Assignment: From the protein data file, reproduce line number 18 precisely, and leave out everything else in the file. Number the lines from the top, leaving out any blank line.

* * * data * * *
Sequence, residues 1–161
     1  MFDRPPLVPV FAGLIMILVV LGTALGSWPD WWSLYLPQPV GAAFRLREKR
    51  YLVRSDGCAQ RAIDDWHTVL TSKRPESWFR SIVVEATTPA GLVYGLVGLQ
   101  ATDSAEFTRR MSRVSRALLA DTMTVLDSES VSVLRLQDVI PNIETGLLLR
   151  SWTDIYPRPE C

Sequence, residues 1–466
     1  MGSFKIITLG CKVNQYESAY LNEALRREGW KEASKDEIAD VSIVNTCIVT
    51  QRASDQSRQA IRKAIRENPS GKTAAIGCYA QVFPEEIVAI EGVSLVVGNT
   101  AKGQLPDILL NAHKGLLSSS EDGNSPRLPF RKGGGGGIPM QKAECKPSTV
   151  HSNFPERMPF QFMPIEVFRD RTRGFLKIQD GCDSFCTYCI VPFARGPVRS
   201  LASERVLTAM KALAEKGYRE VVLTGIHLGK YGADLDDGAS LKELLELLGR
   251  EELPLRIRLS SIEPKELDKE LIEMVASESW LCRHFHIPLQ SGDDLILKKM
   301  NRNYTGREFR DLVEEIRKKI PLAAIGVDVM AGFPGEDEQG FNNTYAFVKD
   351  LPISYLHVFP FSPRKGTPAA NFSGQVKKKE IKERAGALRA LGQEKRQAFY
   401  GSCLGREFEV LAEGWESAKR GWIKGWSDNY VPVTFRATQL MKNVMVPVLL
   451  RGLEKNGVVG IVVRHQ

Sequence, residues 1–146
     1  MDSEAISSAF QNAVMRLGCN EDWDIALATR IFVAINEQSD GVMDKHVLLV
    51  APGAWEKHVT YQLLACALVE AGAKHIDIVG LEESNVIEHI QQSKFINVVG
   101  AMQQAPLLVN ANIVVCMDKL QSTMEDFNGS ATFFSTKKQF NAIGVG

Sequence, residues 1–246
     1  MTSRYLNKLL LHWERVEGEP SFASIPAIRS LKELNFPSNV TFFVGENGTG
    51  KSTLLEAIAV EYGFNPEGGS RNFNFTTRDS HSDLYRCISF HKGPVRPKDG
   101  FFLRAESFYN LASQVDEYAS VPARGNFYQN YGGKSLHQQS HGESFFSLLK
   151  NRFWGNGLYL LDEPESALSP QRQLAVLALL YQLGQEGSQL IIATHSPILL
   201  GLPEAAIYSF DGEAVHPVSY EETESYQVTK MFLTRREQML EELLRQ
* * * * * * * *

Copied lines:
     1  MDSEAISSAF QNAVMRLGCN EDWDIALATR IFVAINEQSD GVMDKHVLLV